Welcome to WhoWhatWhy’s weekly COVID-19 roundup. There’s a lot of virus coverage out there, so this feature will give you a dose of the latest news.
This week, when many of us would normally be thinking about getting together, we, unfortunately, go the other way; we embrace social distancing — at arm’s length.
How is America defining social distancing? Looking at this state-by-state daily update, there are as many guidelines for limiting social interactions as there are states — from safety guidance for places of worship in Nevada to limiting outdoor mass gatherings to 25 in Wisconsin.
How does an epidemiologist define social distancing? Carolyn Cannuscio, from the University of Pennsylvania, gives us her explanation in this 6.5-minute video.
On the other hand: The Boston Globe’s Billy Baker says what we all know to be true — “Everyone is doing social distancing wrong except me.”
But then again: Effective social distancing requires you know where the virus is. So — where is it?
How do artists define social distancing? Dr. Patrick Duggan and Dr. Stuart Andrews have received Arts and Humanities funding in the UK to set up projects that contribute to our understanding of and response to the COVID-19 pandemic and its impacts.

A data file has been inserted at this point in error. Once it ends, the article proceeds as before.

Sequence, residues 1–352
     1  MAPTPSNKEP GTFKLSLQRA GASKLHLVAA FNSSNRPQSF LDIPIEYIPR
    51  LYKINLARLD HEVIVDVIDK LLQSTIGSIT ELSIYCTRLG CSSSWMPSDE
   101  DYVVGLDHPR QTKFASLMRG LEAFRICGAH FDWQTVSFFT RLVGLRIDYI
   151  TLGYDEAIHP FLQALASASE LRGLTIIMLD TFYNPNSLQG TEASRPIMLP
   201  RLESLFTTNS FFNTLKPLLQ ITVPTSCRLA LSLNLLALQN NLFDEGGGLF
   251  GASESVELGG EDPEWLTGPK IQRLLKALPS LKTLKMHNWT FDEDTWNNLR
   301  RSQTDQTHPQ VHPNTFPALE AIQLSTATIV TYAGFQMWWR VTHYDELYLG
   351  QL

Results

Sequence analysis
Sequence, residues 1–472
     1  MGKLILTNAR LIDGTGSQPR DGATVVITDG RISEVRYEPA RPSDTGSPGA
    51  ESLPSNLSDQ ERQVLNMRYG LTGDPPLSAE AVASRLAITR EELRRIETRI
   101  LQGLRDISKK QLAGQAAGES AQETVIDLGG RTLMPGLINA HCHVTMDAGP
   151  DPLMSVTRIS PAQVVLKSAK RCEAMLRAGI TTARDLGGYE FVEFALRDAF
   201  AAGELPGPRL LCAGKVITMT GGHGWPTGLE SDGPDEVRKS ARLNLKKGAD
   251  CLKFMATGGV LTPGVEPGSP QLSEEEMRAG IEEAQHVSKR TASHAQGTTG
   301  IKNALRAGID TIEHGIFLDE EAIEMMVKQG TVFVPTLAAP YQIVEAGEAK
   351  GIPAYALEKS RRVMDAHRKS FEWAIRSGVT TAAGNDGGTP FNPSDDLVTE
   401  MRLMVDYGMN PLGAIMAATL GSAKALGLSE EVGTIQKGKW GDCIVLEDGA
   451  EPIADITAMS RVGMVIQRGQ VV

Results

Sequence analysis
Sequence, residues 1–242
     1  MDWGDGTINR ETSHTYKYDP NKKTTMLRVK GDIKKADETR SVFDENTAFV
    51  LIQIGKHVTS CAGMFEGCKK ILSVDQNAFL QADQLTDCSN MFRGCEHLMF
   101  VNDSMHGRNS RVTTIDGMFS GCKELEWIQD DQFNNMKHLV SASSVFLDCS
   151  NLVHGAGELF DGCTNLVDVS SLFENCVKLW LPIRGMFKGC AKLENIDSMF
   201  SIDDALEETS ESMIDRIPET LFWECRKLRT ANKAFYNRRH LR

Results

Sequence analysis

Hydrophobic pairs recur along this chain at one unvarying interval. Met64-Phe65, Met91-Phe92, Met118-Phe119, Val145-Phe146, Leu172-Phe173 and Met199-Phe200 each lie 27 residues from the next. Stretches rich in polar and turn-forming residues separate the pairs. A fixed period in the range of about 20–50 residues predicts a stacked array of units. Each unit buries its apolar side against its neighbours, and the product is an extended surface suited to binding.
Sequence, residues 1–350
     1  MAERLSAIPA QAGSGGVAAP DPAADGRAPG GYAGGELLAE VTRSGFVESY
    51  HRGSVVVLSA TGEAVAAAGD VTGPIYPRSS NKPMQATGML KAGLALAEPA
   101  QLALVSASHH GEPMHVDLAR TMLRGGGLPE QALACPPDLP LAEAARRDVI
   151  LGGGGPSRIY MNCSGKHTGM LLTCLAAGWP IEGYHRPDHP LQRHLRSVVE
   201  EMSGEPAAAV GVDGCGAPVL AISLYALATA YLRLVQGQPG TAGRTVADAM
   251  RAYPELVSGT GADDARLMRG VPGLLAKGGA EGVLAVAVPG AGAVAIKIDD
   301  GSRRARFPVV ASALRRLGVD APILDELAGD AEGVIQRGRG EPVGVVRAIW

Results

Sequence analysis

Anthropologist Roman Wittig prefers to call it “spatial distancing.” His studies of the effects of social contacts on the health of chimpanzees apply to humans. “In spatial terms, we must and should maintain a distance of two meters,” he says. “But, in social terms, we should be particularly close to and supportive of one another at this moment: after all, we’re in a permanent state of stress due to this pandemic.”
Whatever your definition, connect (virtually). The Illinois Virtual Distance Challenge offers a way to distance yourself from pandemic stress by joining them virtually to run, walk, hike, bike, or do your favorite exercise activity all through December. Sign up here.